Intel has been forging ahead in the mainstream market and trying to keep up with today's faster and faster CPU's. One of the most prominent battles they have faced is the memory's bottleneck which was first tackled by both the 7205 (Granite Bay) and 845PE chipsets for entry level workstations and mainstream PCs and now with the Canterwood and Springdale chipsets. Both the 875P and the 865P chipsets offer superior Dual-channel DDR400 (PC3200) performance improving on the .7GB/sec, single channel DDR333 memory limitation of and 845PE chipsets. Intel's Granite Bay chipset the 7205 offered dual-channel DDR266 support but its chipset price was too high for a board whose shelf time had a very short life expectancy with better faster chipsets right around the corner.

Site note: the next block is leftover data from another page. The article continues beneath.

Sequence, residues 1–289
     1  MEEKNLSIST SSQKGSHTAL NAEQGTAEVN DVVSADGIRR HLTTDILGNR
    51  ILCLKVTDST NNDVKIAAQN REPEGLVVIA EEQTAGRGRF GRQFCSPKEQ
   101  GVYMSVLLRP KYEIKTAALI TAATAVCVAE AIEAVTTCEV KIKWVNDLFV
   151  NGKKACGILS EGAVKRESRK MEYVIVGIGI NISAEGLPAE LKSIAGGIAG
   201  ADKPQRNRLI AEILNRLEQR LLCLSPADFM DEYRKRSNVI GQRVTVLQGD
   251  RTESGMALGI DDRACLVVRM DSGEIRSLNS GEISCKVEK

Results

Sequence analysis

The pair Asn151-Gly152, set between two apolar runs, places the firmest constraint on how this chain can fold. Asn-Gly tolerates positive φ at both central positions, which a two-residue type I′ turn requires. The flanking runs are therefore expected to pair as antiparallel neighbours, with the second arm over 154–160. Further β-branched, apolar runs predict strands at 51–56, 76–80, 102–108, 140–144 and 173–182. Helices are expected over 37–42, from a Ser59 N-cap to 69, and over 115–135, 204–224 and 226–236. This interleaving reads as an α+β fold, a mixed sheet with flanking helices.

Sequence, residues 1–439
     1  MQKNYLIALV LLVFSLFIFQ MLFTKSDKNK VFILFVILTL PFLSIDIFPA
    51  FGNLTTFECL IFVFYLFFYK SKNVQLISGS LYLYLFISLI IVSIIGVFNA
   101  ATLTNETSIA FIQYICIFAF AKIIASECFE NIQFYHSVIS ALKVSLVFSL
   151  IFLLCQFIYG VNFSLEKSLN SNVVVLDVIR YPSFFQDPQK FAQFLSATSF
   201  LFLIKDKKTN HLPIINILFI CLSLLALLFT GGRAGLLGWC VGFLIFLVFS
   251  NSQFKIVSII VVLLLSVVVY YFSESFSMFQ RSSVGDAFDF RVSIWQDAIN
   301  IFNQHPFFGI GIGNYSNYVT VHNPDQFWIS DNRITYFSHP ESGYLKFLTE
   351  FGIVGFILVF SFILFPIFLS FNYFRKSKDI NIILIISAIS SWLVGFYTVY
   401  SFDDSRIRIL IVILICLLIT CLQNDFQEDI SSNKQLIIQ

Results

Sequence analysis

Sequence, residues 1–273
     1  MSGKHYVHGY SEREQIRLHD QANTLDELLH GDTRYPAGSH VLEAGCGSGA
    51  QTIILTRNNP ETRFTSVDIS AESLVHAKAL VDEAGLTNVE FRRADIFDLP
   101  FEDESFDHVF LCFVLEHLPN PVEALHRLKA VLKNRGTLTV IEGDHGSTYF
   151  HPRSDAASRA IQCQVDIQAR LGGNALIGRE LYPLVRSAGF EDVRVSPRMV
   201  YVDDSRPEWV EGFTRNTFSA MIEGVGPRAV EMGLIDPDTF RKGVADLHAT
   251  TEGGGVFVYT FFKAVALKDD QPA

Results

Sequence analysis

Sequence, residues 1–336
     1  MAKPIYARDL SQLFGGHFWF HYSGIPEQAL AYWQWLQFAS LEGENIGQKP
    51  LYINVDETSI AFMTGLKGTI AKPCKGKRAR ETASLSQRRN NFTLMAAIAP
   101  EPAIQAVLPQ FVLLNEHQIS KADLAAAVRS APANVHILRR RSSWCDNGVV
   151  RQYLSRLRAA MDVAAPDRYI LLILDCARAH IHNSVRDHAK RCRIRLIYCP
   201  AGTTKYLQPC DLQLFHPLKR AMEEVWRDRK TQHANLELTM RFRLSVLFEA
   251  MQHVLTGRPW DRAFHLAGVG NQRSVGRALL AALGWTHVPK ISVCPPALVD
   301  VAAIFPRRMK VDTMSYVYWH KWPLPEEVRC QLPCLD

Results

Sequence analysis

The 7205 was also plagued with an AGP bug affecting many ATI RADEON users with various unaccounted for restarts and other VGA errors to the dismay of many enthusiasts. The new Canterwood and Springdale chipsets offer true and functioning 8X support so Intel has seemed to beat that dilemma in any case. Intel had found a bug in the 3.0GHz 800MHz CPU's that halted shipment for a few days, but a solution has been found and shipping has resumed its schedule. This bug can be addressed easily by a BIOS patch so it should not affect anyone but Intel is being very careful to protect its patrons just in case. The D875PBZ I received has no sound on-board unlike its 865P cousin that comes with Intel's latest sound solution for the desktop market SoundMax 4.0 but it still is a pretty well fleshed out board all the same. Let's move forward and see what the D875PBZ and Canterwood are all about, read on and get all the details.